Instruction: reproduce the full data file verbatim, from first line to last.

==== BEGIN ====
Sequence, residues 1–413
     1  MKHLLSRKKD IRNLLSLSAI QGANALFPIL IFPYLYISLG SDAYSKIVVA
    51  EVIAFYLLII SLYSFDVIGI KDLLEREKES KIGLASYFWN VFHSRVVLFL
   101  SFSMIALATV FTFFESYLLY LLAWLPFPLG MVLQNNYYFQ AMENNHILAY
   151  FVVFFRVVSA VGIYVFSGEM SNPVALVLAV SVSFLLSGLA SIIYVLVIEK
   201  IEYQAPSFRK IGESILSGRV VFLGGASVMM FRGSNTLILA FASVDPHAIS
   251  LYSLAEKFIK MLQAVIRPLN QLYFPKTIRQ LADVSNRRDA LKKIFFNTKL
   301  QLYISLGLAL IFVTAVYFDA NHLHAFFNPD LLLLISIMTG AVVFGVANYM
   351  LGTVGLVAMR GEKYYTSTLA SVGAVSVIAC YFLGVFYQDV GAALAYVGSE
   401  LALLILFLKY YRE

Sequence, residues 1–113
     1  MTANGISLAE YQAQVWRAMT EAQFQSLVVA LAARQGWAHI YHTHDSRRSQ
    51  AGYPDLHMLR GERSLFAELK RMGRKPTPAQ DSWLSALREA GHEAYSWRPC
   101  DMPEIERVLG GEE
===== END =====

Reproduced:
Sequence, residues 1–413
     1  MKHLLSRKKD IRNLLSLSAI QGANALFPIL IFPYLYISLG SDAYSKIVVA
    51  EVIAFYLLII SLYSFDVIGI KDLLEREKES KIGLASYFWN VFHSRVVLFL
   101  SFSMIALATV FTFFESYLLY LLAWLPFPLG MVLQNNYYFQ AMENNHILAY
   151  FVVFFRVVSA VGIYVFSGEM SNPVALVLAV SVSFLLSGLA SIIYVLVIEK
   201  IEYQAPSFRK IGESILSGRV VFLGGASVMM FRGSNTLILA FASVDPHAIS
   251  LYSLAEKFIK MLQAVIRPLN QLYFPKTIRQ LADVSNRRDA LKKIFFNTKL
   301  QLYISLGLAL IFVTAVYFDA NHLHAFFNPD LLLLISIMTG AVVFGVANYM
   351  LGTVGLVAMR GEKYYTSTLA SVGAVSVIAC YFLGVFYQDV GAALAYVGSE
   401  LALLILFLKY YRE

Sequence, residues 1–113
     1  MTANGISLAE YQAQVWRAMT EAQFQSLVVA LAARQGWAHI YHTHDSRRSQ
    51  AGYPDLHMLR GERSLFAELK RMGRKPTPAQ DSWLSALREA GHEAYSWRPC
   101  DMPEIERVLG GEE